Fundamentals of critical appraisal

    • Why appraise?
    • Developing a clinical question
    • Correct use of critical appraisal tools

    Searching for the research literature

    • Sources of research
    • Databases
    • Study selection and retrieval

    Empirical and analytical (quantitative) research

    • Clinical effectiveness

    Empirical and analytical study designs


    Critical appraisal of empirical research

    • Evaluating the rigor of clinical effectiveness research
    • Using critical appraisal tools to establish effect

    Interpretative and critical (qualitative) research

    • Research investigating meaningfulness and appropriateness
    • Interpretive and critical study designs

    Critical appraisal of interpretive and critical research

    • Evaluating the rigor of evidence of meaningfulness and appropriateness
    • Using critical appraisal tools to establish rigor

    The origins of evidence based healthcare

    • Why evidence based health care?
    • The development of methods of evidence synthesis
    • Evidence based nursing

    Principles of evidence based healthcare

    • A model of evidence based healthcare, evidence generation, evidence synthesis, evidence translation, evidence utilisation

    Practicing evidence based nursing

    • Identifying clinical problems
    • Sources of evidence for nursing
    • Levels of evidence
    • Implementing and evaluating evidence based practice
  • Assessment

    The University's policy on Assessment for Coursework Programs is based on the following four principles:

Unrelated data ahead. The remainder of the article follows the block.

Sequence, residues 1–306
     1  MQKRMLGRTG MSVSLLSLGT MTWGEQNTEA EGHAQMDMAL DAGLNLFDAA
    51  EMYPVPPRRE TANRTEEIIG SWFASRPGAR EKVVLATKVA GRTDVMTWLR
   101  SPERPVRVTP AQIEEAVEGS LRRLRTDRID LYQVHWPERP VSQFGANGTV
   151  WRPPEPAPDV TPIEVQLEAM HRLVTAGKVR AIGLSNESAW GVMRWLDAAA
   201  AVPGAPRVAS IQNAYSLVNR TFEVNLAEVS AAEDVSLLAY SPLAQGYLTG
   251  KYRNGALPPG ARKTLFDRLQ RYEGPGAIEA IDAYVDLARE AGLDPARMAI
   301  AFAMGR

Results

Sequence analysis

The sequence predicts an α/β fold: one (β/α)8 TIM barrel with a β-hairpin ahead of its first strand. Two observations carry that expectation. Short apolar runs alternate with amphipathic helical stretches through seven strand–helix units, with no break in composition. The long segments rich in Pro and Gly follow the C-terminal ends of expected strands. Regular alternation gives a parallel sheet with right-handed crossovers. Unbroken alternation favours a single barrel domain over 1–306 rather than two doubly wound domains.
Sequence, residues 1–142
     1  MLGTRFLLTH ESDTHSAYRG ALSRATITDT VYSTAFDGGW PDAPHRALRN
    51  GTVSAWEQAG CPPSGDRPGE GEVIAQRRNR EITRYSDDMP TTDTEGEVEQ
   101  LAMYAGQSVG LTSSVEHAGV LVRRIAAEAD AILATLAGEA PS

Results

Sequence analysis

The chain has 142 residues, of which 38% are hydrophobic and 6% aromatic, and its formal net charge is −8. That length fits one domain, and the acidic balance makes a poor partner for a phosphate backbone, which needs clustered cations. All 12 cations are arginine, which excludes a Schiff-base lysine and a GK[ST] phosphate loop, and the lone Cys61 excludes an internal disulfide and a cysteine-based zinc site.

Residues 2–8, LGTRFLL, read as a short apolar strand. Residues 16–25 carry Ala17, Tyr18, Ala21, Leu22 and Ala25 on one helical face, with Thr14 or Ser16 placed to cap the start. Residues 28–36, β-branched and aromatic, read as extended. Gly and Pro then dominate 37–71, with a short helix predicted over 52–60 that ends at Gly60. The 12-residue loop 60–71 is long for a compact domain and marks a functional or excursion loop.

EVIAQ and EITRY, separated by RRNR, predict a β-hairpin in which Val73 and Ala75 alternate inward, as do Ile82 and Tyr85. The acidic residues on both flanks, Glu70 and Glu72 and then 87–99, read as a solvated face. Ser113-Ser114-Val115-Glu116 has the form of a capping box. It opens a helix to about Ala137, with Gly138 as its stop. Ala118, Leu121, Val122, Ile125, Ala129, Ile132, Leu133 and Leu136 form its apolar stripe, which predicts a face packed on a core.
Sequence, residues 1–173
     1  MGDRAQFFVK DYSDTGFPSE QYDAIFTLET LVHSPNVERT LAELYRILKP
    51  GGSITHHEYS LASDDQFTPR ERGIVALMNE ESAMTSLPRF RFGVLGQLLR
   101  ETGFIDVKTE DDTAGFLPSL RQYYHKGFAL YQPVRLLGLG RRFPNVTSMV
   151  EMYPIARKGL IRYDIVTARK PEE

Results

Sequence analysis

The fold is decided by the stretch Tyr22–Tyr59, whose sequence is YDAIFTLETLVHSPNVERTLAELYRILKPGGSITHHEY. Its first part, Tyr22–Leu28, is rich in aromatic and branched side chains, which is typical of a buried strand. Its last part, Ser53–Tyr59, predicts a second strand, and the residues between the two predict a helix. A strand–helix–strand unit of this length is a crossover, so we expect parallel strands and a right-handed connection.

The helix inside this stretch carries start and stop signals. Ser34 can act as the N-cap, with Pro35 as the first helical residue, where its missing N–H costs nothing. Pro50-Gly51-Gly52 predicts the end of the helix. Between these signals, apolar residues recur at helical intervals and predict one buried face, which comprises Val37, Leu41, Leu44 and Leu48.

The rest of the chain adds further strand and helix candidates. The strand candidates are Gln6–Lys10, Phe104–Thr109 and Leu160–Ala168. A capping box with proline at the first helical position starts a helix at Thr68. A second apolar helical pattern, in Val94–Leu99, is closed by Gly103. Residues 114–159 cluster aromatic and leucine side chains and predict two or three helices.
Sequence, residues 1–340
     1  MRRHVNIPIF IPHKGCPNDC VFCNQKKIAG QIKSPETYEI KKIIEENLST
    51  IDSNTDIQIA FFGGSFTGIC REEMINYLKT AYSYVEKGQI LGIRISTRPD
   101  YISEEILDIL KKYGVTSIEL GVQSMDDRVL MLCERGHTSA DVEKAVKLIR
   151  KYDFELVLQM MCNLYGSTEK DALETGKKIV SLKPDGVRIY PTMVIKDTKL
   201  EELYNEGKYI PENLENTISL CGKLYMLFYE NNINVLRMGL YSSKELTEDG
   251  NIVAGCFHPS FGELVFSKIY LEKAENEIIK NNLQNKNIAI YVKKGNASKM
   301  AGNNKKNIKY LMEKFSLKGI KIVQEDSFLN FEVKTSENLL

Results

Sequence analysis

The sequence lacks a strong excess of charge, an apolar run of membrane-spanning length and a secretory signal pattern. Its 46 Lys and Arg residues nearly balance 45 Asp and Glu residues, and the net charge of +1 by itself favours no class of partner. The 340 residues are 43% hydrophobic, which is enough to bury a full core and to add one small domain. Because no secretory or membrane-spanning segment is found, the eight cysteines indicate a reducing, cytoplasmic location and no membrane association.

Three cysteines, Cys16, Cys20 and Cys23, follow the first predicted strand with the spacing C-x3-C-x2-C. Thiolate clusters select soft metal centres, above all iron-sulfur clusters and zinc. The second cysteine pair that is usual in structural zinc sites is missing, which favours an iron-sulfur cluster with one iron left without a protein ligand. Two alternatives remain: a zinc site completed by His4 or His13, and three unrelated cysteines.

1. Assessment must encourage and reinforce learning.
    2. Assessment must enable robust and fair judgements about student performance.
    3. Assessment practices must be fair and equitable to students and give them the opportunity to demonstrate what they have learned.
    4. Assessment must maintain academic standards.

    Assessment Summary
    Assessment Task Assessment Type Weighting Learning Outcome(s) being addressed
    Research Proposal Stage 1 – Outline
    Due week 5
    Formative 0% 1-3
    Critical Appraisal Essay
    Due week 7
    Summative 50% 3-4
    Research Proposal Stage 2 – Proposal
    Due week 13
    Summative 50% 2, 4-5
    Assessment Detail
    Assessment 1: Research Proposal Outline
    You are required to outline a potential research project for this assessment. As this assignment is not an essay you must use the structure described in the “Proposal outline” on MyUni to write this proposal outline. In this outline you should describe a research question, briefly explain why this topic needs to be researched, identify the type of research i.e. quantitative or qualitative, and describe the methodology to be used.

    Assessment 2: Critical Appraisal Essay
    You are required to critique one research paper. Choose either the quantitative paper or the qualitative paper from MyUni for this assessment.

    Assessment 3: Research Proposal